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Exploradome retention modifications

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6 replies to this topic

#1 kathyastro

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Posted 30 November 2020 - 09:32 AM

My Exploradome came with plastic ring segments that go under the dome skirt to keep the dome from lifting in strong winds.  The dome is actually quite aerodynamically stable, as well as being heavy, so I have seen no tendency for it to lift.  However, given the value of the equipment it is protecting, a retention system is a good idea.

 

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This photo shows one of the retention ring segments lying on the roof below the dome skirt.  The retention ring is about 2" wide.  Because of the poor fit of the roof panels, there is only 1" clearance between the done skirt and the upturned inner edge of the roof panel.  There was a lot of bending and rubbing, and the ends of the ring segments would catch on the corners of the roof panels in places.

 

As long as I was using the big geared DC motor supplied by Exploradome for rotation, there was unlimited torque available, and the motor was able to force the dome around anyway.  However, when I switched to a stepper motor for rotation, the available torque was much less.  I had to remove the retention ring to reduce drag.

 

P1170138-500px.JPG

 

Keeping the dome on in storms has never been a problem.  I had installed removable tie-down turnbuckles that have successfully held the dome on through hurricanes.  But they have to be removed before flight using the dome, so I was always concerned about a wind coming up while the dome was open.  (The yellow cord attached to the bottom of the turnbuckle tethers a shorting plug, which, when inserted into the rotation controller, tells it to refuse all rotation commands.)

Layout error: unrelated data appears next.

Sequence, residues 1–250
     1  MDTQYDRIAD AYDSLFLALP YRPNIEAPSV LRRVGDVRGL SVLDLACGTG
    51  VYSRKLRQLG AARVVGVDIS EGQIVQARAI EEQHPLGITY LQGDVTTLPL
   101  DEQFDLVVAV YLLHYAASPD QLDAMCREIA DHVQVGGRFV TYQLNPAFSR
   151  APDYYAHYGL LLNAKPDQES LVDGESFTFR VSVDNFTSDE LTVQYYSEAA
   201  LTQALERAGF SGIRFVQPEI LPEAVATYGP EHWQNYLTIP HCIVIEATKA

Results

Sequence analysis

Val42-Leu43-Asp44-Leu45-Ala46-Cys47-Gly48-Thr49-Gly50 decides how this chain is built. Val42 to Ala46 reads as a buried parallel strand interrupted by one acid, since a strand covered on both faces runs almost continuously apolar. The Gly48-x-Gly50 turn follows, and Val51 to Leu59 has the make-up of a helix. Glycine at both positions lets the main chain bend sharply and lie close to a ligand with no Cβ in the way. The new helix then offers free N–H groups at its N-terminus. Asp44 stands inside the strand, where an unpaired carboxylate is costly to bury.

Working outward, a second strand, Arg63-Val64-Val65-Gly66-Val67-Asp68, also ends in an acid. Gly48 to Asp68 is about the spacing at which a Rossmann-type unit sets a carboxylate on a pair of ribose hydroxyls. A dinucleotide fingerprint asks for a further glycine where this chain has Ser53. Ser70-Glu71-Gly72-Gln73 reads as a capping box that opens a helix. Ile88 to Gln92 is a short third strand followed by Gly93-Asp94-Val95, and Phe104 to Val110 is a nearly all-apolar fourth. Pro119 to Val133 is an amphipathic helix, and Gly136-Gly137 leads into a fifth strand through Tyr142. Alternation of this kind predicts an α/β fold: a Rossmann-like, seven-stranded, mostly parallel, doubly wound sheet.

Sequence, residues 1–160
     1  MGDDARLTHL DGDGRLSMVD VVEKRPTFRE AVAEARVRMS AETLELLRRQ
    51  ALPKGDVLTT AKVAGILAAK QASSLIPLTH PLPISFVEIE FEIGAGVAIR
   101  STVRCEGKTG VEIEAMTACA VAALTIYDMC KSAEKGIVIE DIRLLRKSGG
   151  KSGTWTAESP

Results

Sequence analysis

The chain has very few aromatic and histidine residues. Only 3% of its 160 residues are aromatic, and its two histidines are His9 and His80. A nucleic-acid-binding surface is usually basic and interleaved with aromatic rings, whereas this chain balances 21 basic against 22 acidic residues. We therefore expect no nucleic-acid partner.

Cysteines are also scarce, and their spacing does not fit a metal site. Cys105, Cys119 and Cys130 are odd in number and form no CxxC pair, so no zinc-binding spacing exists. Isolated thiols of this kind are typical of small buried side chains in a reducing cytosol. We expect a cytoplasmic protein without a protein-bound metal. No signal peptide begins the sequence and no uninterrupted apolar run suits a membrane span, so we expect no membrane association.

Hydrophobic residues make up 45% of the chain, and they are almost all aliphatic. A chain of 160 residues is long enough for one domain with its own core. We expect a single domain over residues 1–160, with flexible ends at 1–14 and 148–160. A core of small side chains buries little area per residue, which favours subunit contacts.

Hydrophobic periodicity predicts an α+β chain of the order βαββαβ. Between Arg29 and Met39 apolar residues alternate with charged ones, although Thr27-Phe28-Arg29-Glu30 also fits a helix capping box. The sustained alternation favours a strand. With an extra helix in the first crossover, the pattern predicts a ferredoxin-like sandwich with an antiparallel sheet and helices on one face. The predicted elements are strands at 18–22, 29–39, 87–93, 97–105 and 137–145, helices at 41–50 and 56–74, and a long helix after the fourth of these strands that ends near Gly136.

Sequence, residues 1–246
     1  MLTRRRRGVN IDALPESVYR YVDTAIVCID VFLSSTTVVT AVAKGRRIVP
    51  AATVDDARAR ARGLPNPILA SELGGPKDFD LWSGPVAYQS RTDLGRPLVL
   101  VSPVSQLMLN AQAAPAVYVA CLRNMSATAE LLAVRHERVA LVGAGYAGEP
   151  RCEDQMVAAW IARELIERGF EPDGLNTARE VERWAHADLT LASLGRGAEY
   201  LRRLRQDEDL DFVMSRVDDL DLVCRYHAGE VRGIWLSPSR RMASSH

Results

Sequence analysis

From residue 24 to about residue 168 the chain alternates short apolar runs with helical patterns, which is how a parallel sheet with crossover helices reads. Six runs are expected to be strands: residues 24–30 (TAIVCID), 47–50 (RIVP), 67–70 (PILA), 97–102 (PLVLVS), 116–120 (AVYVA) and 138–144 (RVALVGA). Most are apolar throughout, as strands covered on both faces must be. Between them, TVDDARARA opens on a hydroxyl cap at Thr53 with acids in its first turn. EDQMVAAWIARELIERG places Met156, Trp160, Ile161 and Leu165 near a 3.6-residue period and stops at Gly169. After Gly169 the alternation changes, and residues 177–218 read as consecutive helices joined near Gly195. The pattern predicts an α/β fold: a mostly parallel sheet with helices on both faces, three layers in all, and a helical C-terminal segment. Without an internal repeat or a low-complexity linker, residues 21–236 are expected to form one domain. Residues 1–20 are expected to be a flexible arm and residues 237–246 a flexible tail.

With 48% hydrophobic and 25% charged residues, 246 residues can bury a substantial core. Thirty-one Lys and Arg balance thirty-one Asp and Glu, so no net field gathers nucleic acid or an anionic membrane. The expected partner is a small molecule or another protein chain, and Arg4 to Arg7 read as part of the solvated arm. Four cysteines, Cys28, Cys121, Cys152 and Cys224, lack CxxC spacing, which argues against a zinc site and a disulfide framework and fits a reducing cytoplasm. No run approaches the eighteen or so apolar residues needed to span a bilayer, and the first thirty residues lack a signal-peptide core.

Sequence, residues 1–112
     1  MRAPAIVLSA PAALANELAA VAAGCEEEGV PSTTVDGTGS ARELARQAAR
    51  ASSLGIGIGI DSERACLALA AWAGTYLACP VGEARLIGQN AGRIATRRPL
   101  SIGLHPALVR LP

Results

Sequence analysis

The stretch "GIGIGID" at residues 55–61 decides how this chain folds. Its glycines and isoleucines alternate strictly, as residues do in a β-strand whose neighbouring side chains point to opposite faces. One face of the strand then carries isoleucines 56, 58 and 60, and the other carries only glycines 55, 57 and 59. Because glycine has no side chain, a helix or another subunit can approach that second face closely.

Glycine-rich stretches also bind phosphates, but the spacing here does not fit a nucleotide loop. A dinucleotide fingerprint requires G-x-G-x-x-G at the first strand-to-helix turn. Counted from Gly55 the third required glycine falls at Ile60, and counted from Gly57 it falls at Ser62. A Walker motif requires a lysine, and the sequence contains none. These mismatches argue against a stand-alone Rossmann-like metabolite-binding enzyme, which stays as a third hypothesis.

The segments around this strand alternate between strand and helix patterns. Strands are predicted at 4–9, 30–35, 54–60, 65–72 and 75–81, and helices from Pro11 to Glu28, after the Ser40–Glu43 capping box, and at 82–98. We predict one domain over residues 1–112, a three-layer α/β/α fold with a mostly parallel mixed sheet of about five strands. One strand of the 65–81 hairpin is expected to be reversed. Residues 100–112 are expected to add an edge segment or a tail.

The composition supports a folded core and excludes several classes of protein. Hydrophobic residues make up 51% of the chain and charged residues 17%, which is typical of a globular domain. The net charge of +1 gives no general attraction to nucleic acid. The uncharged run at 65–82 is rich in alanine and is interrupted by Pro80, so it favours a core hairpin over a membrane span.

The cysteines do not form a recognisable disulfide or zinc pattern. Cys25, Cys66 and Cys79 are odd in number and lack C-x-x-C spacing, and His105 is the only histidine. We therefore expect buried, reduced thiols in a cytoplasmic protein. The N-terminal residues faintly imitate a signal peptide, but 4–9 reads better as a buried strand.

I considered modifying the original retention rings by cutting them down.  However, that would have taken a lot of fiddly work with jigs and a jigsaw, plus they are a pain in the butt to install.

 

P1170141-500px.JPG

 

My solution was to install aluminum brackets on the inside of the observatory.  They are attached to the roof framing, and have a 90-degree bend at the top that goes over the ring gear.  I would have been happier if I could have made the overlap at the ring gear larger, but the radius of the dome varies by several inches, and there isn't room for anything that extends past the ring gear itself.

 

The brackets will hold the ring down.  The dome itself has to be secured to the ring in order to prevent it flying off.  I had always had a couple of screws holding the dome to the ring, just to prevent it rotating relative to the ring.  I added six more, for a total of eight, to actually provide some significant hold-down force in the event that it tries to lift.  Because there is no access to the underside of the ring to install nuts onto bolts, I used self-tapping screws into pre-drilled holes.

 

This modification gives me peace of mind when a wind comes up while I am doing unattended imaging.


Edited by kathyastro, 30 November 2020 - 09:36 AM.

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#2 Couder

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Posted 30 November 2020 - 10:33 AM

Good idea about the added brackets inside. I had a roll-off building covering a coelostat about 8 foot above ground, v-notched wheels rolling on upside down aluminum angle on top of a concrete block building. I had hooks like yours to hold it down while not in use, but had no way to protect it while rolled off the equipment. I recently took it down, but your idea would have worked there.